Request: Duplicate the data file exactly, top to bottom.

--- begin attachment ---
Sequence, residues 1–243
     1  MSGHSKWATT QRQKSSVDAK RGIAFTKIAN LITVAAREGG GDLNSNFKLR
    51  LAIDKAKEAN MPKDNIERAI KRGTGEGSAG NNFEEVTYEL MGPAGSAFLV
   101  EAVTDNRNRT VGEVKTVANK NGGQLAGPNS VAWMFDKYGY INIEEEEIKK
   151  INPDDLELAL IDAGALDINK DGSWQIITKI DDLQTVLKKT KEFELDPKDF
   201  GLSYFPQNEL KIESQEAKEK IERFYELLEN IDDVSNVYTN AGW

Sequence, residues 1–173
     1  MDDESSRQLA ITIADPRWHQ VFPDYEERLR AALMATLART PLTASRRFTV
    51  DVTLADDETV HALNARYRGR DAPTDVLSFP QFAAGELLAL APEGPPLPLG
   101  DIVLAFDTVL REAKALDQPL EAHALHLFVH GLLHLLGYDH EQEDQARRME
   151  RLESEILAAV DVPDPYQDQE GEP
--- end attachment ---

Sequence, residues 1–243
     1  MSGHSKWATT QRQKSSVDAK RGIAFTKIAN LITVAAREGG GDLNSNFKLR
    51  LAIDKAKEAN MPKDNIERAI KRGTGEGSAG NNFEEVTYEL MGPAGSAFLV
   101  EAVTDNRNRT VGEVKTVANK NGGQLAGPNS VAWMFDKYGY INIEEEEIKK
   151  INPDDLELAL IDAGALDINK DGSWQIITKI DDLQTVLKKT KEFELDPKDF
   201  GLSYFPQNEL KIESQEAKEK IERFYELLEN IDDVSNVYTN AGW

Sequence, residues 1–173
     1  MDDESSRQLA ITIADPRWHQ VFPDYEERLR AALMATLART PLTASRRFTV
    51  DVTLADDETV HALNARYRGR DAPTDVLSFP QFAAGELLAL APEGPPLPLG
   101  DIVLAFDTVL REAKALDQPL EAHALHLFVH GLLHLLGYDH EQEDQARRME
   151  RLESEILAAV DVPDPYQDQE GEP